The Claimant, Ms Harris, was employed as a Senior Education Welfare Officer for the Council from September 1992. The Claimant suffered from depression, sinusitis, asthma and underactive thyroid. Occupational Health had confirmed in a report to the Respondent that the Claimant’s conditions were ‘chronic’. As a result, she was likely to be disabled for the purposes of the Equality Act 2010. The Claimant had been permitted to work partly from home to assist her.

The Claimant’s line manager changed in August 2010. Following complaints regarding her new line manager, matters came to a head in January 2013 when she returned from pre-booked annual leave and was told by her line manager that he would no longer support her home working arrangement. The Claimant went off sick and did not return to work. The Claimant was referred to Occupational Health and was deemed, at that stage, to be ‘unfit’ for work in any role. There was no indication when she may be able to return to work.

The Respondent held two meetings with the Claimant during her sick leave in March and May of 2013 in which she  was informed that the Respondent could not support an “indefinite” period of sickness absence long term – although it did not inform the Claimant of a risk of dismissal. The Claimant raised complaints with the Respondent reiterating her concerns regarding her line manager. The Respondent did not investigate the complaints and no action was taken.

The Claimant was dismissed with notice by letter on 4th June 2013. Her last day was 31st July 2013. The Claimant’s appeal against her dismissal was rejected.

The Claimant subsequently applied for ill-health retirement in reliance upon her GP’s report which confirmed that there was a remote chance of a return to work. This was supported by a further Occupational Health report dated 15 July 2013 confirming that she was unfit for work. It didn’t however confirm whether she was permanently incapacitated. The application was declined. In October 2013, the Claimant obtained a further opinion confirming that she remained unfit for work for the foreseeable future. She bought claims of unfair dismissal, discrimination arising from disability, failure to make reasonable adjustments and disability-related harassment.

The Tribunal held that the Claimant had been unfairly dismissed. Her claim for discrimination arising from disability was also successful but her reasonable adjustments and harassment claims were out of time. The Respondent appealed.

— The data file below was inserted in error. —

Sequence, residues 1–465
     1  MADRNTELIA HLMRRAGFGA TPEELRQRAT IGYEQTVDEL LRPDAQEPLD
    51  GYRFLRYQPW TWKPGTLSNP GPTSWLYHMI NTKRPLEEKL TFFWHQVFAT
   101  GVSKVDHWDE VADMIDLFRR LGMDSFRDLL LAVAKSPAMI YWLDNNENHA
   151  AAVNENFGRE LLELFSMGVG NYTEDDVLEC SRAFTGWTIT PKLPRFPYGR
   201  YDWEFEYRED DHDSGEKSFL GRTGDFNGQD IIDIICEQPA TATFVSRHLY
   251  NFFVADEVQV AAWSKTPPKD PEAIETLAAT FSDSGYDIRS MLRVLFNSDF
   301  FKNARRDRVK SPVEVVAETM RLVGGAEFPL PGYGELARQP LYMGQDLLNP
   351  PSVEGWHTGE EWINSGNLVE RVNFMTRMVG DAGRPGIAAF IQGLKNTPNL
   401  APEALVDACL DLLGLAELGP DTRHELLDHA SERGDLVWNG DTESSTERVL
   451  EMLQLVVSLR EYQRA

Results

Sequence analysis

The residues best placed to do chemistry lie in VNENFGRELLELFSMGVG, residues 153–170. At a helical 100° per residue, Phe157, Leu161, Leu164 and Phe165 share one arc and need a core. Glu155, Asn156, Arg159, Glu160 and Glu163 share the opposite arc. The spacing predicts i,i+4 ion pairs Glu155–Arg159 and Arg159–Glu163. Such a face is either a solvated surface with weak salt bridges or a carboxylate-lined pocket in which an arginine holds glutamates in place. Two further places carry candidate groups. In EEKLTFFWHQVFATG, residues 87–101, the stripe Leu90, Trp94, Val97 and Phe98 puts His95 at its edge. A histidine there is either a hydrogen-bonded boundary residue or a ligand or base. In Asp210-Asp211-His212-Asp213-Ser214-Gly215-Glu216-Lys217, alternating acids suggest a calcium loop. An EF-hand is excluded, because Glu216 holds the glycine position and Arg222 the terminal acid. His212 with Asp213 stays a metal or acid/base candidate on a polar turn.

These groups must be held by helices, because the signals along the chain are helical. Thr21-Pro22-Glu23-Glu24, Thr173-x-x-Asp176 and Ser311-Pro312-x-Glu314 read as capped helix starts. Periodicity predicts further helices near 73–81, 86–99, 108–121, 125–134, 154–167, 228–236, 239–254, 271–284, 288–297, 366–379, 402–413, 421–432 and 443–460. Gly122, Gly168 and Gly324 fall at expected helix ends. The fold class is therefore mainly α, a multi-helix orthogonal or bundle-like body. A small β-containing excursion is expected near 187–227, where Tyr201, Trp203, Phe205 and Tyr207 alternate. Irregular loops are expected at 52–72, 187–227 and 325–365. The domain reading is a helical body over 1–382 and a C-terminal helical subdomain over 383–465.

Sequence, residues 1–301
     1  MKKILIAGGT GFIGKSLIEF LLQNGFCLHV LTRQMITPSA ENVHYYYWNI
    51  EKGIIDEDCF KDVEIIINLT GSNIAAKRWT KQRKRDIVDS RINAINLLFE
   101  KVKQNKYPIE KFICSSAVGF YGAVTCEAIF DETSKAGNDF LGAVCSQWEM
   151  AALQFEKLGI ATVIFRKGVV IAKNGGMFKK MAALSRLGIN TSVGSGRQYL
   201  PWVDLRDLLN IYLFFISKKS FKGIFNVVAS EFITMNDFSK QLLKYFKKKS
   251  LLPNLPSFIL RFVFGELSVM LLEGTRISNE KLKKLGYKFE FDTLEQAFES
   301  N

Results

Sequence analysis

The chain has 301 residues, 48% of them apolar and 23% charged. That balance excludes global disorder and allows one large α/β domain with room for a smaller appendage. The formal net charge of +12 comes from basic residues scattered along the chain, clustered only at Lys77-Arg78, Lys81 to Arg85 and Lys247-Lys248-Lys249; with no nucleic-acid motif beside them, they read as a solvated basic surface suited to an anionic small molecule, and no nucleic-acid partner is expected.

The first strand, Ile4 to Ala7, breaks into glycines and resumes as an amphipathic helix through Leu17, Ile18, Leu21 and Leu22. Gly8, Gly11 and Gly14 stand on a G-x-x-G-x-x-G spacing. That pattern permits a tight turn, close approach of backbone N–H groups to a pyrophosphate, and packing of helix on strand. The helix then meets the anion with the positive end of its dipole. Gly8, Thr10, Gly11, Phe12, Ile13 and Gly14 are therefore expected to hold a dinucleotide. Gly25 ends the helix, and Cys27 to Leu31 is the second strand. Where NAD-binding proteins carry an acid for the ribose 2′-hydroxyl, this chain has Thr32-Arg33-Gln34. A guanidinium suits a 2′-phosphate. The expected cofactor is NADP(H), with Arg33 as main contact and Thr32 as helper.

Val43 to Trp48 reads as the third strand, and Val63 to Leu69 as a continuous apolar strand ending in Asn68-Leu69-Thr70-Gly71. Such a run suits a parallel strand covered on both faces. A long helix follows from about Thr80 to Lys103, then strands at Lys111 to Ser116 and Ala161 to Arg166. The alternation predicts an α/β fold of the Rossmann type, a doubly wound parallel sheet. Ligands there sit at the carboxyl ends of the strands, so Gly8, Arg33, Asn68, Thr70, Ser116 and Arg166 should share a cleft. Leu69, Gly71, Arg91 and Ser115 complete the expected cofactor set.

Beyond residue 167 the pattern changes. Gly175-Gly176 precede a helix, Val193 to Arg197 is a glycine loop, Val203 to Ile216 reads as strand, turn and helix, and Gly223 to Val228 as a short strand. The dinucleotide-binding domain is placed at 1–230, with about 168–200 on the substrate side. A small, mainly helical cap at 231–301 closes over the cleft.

In relation to the unfair dismissal claim, the EAT criticised the Tribunal for failing to following the guidance laid down in BS v Dundee City Council. It did not demonstrate that it had considered:

  • whether the Respondent could have been expected to wait longer before dismissing;
  • the question of the adequacy of any consultation with the Claimant; and
  • the obtaining of proper medical advice.

The Tribunal had not taken into account the involvement of the Claimant’s line manager, the lack of consultation or the failure to consider up to date medical evidence in reliance upon the case of East Lindsey District Council v Daubney which sets down the requirement to obtain the up to date medical position prior to making a decision regarding dismissal. The appeal was allowed.

In relation to the discrimination claim, the EAT concluded that the Claimant was dismissed due to her level of sickness absence. This was something arising in consequence of her disability, meeting the test in Section 15 Equality Act 2010. The Respondent’s previous failure to make reasonable adjustments (by withdrawing the home working arrangement) was part of the background to be taken into account which may have resulted in the Claimant being unable to return to work. The Tribunal erred by failing to explain the relevance of the failure to make reasonable adjustments and neglected to consider whether the Respondent was able to justify its treatment as a proportionate means of achieving a legitimate aim. The appeal was therefore allowed.


It is important that, before making a decision whether to dismiss, an employer carries out a full evaluation as to whether it is reasonable in all of the circumstances (including the background history) to dismiss. An ability to demonstrate the reasons for any decision will assist the Tribunal in determining the question of reasonableness.

This article is not a substitute for legal advice on specific facts and circumstances. It is designed as a free update on the law at the time of publishing. Knight Polson Limited trading as QualitySolicitors Knight Polson accepts no responsibility for reliance on this article and recommends that you seek independent legal advice on your specific circumstances prior to taking any steps.

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